[Prime Minister Trudeau spoke in French, and his remarks were translated by an interpreter as follows.]
Prime Minister Trudeau. Thank you, Emmanuelle. For months and months, we have been preparing that meeting. And this morning we worked very hard, and we made a lot of progress, and we have showed what is at stake. A lot is at stake. And we hope that this is going to be solved shortly to help enormously not only Canadian workers and Canadian economy, but also the economy of both our countries.
And among these discussions, we—of course, we raised the question of softwood lumber. We keep on working on that. And I’m totally confident that we are on the right track towards a solution in the next weeks and months to come.
Now, in terms of the decisions that we have taken and the work we have done today, I’m extremely confident that what we have managed to achieve, the agreements that we have taken and the solutions that we have found for the problems that we face together, I’m confident that all this is going to become a reality. Because at every stage, not only are we talking about what is good for one side or the other side, but we’re talking about what is good for both countries. Our economies are so interwoven, our populations are so interconnected, that we are going to have agreement, for instance, that will facilitate crossing of borders while increasing security of our citizens. This is good for both sides. And it is where we worked so hard together, with a lot of progress and a lot of success today.
[Prime Minister Trudeau spoke in English as follows.]
Prime Minister Trudeau. ——on many different issues over the course of an extremely productive meeting this morning, issues that have been worked on intensely by our respective friends, colleagues and delegations over the past weeks and months. And certainly, softwood lumber came up. And I’m confident that we are on a track towards resolving this irritant in the coming weeks and months.
But in general, the issues that we made tremendous progress on I’m extremely confident will move forward in a rapid and appropriate fashion because we found such broad agreement on issues that aren’t just good for one of our two countries, but indeed both of our countries: for Canadians and Americans, for their jobs, for our kids and their futures, for workers, businesses, as we tackle challenges on the economy, challenges on the environment, and understand that working together in constructive, productive ways is exactly what this relationship and, indeed, this friendship is all about. So I’m feeling extremely good about the hard work that was done this morning, and indeed, about the work remaining to do over the coming weeks and months on the issues we brought forward today.
President Obama. This issue of softwood lumber will get resolved in some fashion. Our teams are already making progress on it. It’s been a longstanding bilateral irritant, but hardly defines the nature of the U.S.-Canadian relationship. And we have some very smart people, and they’ll find a way to resolve it, undoubtedly, to the dissatisfaction of all parties concerned, because that’s the nature of these kinds of things, right? Each side will want 100 percent, and we’ll find a way for each side to get 60 percent or so of what they need, and people will complain and grumble, but it will be fine. [Laughter]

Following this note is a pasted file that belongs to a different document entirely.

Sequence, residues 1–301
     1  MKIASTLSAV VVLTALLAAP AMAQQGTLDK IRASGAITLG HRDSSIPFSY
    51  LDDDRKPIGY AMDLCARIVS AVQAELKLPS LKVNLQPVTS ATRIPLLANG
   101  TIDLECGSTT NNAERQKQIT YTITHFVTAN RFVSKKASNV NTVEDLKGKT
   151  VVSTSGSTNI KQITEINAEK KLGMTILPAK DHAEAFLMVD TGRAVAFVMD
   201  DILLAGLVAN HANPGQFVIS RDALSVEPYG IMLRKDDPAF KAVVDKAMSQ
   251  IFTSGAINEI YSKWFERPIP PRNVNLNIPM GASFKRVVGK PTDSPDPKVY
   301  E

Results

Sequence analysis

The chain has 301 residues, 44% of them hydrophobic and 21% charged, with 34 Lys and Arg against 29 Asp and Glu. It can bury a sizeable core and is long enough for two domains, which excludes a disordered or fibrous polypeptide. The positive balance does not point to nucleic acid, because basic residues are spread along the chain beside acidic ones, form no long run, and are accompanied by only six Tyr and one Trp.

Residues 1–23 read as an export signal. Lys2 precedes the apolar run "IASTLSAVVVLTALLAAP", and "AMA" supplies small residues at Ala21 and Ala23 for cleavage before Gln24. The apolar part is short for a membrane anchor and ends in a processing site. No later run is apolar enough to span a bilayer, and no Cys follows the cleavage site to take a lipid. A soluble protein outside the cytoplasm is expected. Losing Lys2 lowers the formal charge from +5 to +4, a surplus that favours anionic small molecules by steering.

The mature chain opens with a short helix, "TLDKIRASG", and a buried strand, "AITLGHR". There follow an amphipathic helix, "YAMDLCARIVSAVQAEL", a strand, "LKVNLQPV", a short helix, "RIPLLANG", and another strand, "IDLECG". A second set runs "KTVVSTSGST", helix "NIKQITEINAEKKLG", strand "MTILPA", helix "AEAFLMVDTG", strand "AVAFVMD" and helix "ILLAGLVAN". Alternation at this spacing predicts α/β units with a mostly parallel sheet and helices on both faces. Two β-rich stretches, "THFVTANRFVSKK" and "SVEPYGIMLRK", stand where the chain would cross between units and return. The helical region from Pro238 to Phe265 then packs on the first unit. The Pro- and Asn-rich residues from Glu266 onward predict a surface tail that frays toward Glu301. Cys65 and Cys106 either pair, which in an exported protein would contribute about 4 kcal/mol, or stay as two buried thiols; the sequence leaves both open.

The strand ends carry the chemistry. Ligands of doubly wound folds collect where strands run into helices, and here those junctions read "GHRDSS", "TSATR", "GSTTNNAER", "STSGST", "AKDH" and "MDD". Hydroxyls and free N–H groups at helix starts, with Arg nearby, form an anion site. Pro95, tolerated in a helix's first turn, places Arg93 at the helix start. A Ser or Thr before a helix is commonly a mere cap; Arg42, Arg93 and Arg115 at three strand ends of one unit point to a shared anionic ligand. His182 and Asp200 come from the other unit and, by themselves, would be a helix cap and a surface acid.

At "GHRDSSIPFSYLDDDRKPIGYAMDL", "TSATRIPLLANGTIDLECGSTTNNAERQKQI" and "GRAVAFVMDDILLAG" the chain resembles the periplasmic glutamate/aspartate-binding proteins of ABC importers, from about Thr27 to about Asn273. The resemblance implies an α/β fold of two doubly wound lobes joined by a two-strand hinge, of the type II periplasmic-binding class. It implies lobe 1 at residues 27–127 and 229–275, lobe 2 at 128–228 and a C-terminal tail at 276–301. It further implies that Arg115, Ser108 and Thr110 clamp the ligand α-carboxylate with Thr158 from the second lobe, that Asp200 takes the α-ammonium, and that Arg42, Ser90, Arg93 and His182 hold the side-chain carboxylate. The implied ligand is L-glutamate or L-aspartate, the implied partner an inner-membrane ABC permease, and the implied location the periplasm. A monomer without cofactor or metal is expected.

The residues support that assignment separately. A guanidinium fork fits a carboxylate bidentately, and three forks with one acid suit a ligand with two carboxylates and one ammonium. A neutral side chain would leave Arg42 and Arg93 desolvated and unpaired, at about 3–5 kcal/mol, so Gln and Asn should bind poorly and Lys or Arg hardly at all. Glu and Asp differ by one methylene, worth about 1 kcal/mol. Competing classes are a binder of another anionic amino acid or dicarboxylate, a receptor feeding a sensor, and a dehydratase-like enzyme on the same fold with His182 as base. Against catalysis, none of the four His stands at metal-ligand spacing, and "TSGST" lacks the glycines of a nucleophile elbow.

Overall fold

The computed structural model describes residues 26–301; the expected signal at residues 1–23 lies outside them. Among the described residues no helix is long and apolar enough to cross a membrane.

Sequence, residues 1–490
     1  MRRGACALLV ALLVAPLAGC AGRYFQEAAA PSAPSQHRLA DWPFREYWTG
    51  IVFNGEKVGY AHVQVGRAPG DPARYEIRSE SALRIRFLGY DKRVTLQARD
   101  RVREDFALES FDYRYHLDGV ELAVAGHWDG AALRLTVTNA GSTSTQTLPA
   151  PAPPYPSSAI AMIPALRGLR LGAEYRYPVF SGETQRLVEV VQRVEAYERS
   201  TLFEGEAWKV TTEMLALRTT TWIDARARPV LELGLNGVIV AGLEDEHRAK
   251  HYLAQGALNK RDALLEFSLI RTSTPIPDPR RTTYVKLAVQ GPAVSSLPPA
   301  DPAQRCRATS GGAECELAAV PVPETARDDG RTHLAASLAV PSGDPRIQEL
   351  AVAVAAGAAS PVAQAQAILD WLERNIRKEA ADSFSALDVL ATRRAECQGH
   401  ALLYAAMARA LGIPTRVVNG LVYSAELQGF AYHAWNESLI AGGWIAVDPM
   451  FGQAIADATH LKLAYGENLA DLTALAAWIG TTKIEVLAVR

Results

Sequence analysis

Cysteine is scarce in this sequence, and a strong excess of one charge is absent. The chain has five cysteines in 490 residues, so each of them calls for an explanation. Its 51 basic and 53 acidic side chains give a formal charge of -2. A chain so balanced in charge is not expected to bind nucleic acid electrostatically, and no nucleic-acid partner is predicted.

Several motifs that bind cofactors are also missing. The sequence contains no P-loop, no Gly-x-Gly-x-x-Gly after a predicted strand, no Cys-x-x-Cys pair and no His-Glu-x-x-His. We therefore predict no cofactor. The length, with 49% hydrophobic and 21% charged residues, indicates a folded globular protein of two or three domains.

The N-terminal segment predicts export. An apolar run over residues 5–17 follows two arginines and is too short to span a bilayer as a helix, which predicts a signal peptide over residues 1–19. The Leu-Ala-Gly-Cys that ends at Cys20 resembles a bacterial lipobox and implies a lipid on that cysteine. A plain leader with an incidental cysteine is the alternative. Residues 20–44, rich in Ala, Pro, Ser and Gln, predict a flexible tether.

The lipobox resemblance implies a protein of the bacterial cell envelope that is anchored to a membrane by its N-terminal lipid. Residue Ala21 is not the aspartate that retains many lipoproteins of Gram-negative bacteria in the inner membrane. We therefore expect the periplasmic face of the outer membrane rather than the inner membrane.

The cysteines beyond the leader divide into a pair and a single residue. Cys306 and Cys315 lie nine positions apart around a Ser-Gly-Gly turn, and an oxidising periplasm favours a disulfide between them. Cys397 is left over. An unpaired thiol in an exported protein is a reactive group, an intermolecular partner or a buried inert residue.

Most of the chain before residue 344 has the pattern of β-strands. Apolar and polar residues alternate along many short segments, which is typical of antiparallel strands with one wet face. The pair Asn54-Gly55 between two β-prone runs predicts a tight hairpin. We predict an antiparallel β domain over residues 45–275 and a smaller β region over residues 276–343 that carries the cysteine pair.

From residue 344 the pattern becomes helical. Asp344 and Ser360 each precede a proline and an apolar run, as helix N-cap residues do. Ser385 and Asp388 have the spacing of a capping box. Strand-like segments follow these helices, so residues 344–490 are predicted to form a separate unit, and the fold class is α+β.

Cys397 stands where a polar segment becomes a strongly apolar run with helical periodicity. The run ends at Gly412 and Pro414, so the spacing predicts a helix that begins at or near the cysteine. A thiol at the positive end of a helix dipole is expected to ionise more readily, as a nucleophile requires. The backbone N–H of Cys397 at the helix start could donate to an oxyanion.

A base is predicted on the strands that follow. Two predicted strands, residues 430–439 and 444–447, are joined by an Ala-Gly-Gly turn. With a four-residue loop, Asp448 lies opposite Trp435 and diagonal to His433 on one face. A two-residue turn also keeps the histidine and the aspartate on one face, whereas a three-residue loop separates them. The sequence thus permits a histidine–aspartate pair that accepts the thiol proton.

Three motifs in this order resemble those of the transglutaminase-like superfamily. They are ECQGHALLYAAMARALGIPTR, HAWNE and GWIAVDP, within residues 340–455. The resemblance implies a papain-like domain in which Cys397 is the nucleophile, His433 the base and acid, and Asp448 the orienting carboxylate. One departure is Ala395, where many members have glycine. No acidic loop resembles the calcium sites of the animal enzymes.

And in terms of continuity—one thing I will say—this is an area where I’ll play the elder statesman and as Alex described me. [Laughter] And as somebody who came in after an administration that, politically, obviously saw things very differently than I did, what you discover is that for all the differences you may have in your political parties, when you’re actually in charge, then you have to be practical, and you do what is needed to be done and what’s in front of you. And one of the things that is important for the United States or for Canada or for any leading power in the world, is to live up to its commitments and to provide continuing momentum on efforts, even if they didn’t start under your administration.
So there were a whole host of initiatives that began under the Bush administration—some that I was very enthusiastic about, like PEPFAR, that has saved millions of lives and prevented HIV/AIDS or provided vital drugs to those already infected with HIV/AIDS in sub-Saharan Africa and other parts of the world, something that President Bush deserves enormous credit for. We continued that.
But there are also some areas where, when I was outside the Government, I questioned how they were approaching it. I might have tweaked it. To the extent that it involved foreign policy, I might say to my foreign policy partners, look, we have a problem of doing it this way, but here is a suggestion for how we can do the same thing or meet your interests in a slightly different way.
But you’re always concerned about making sure that the credibility of the United States is sustained, or the credibility of Canada is sustained, which is why when there’s turnover in governments, the work that’s been done continues. And particularly when you have a close friendship and relationship with a partner like Canada, it’s not as if the work we’re doing on the Arctic or on entry and exit visas vanishes when the next President comes in. Of course, I intend to make sure that the next President who comes in agrees with me on everything. [Laughter] But just in case that doesn’t happen, the U.S.-Canadian relationship will be fine.
All right? Thank you, everybody.